A Mad Woman’s Voice is just over forty pages, and filled with the work of over two years of writing. This volume explores the act of finding one’s voice and realizing the ability to speak one’s truth. From coming out to exploring the death of loved ones, A Mad Woman’s Voice is a tiny peek into my life.
Hi there! Can you believe that in my nearly seven years of writing here, I’ve never joined a blog tour for an upcoming or recently published book?! I know, I know, I’m having a hard time wrapping my mind around it too. Today I’m proud to present to you a review of the poetry collection A Mad Woman’s Voice + an interview with its author, Abigail Pearson!
Full disclosure: Not only did I receive a free copy of this book in exchange for an honest review, but Abi is also one of my online friends so I naturally wanted to help her promote her work! However, I’m determined to review it just as impartially as I would any other book.
Let’s jump right in! Review first. A rather informal one this time, because why not?
my immediate reaction.
Started reading this late at night because I was procrastinating bedtime. (I’m half asleep as I’m writing this part, lol.) I had little “!” reactions to the first few poems and then on page thirteen I had more of a “!!!!” reaction. Although I of course enjoyed the opening poems, I think Abigail really started hitting her stride with “Where’s My Voice?”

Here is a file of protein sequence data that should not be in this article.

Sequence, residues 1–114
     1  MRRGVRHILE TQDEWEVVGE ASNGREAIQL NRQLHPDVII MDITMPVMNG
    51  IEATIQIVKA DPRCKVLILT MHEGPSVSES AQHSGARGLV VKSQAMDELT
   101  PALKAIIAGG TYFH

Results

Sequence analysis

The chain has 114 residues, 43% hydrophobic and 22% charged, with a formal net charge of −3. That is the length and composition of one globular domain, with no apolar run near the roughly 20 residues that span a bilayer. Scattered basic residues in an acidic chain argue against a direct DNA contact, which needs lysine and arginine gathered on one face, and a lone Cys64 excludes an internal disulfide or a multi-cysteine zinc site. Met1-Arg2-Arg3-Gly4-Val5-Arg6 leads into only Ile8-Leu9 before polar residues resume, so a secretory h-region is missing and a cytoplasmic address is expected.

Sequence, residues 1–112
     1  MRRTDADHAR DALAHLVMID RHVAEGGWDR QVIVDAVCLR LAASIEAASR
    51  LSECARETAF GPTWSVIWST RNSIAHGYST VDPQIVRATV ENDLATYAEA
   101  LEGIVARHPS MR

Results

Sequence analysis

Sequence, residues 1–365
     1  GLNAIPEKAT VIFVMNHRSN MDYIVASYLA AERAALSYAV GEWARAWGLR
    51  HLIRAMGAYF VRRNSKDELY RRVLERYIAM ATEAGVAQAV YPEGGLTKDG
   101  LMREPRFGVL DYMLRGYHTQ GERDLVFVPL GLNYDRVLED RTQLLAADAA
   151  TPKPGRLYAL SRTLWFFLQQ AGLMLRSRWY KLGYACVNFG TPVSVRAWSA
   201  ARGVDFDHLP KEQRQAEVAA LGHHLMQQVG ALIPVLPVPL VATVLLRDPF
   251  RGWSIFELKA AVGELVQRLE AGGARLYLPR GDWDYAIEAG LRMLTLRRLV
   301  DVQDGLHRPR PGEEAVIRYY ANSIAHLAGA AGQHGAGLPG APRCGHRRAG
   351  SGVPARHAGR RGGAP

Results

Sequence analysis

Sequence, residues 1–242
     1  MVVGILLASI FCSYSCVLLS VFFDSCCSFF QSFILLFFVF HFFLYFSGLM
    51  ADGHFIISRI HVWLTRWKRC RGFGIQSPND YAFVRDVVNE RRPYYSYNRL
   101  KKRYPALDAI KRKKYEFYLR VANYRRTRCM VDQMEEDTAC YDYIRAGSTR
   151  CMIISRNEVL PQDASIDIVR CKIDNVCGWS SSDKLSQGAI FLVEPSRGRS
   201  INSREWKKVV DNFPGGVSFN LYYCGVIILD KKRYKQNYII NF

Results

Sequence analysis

I love the variety of styles in this collection. None of it is traditional rhyming verse, as far as I remember, but even within the single subgenre of free verse she manages to do so much. “Of Petrichor and Golden Stars” is as different from “Mother of Bread” as “Mother of Bread” is different from “Tape Day.”
This is such a short collection, yet a very emotionally powerful one. Mental illness, queer identity, feminism, death, religion, relationships both romantic and familial – all these subjects and more can be found here.
my opinion a few days and some thinking later.
I spent a while turning the poems and their subjects over in my mind and eventually decided to reread the collection to see what details jumped out at me the second time around. Here is what I noticed:
I like that the poems aren’t sorted into categories. I’ve read and thoroughly enjoyed some collections such as Milk and Honey by Rupi Kaur and The Princess Saves Herself In This One by Amanda Lovelace where the poems were grouped by theme, but sometimes a change is nice. I never knew what was going to come next!
Reading the poems of someone you know – even if, like Abi and I, you have never met face-to-face – is very, very different from what I’m used to. Because we follow each other’s blogs and are friends on Facebook, I recognized some of the events, people, et cetera she talked about in her poems or was able to piece things together. So cool!
Since earlier this year, I’ve been on a huge poetry kick. I’m happy I picked up A Mad Woman’s Voice and I can’t wait to see what Abigail Pearson writes next!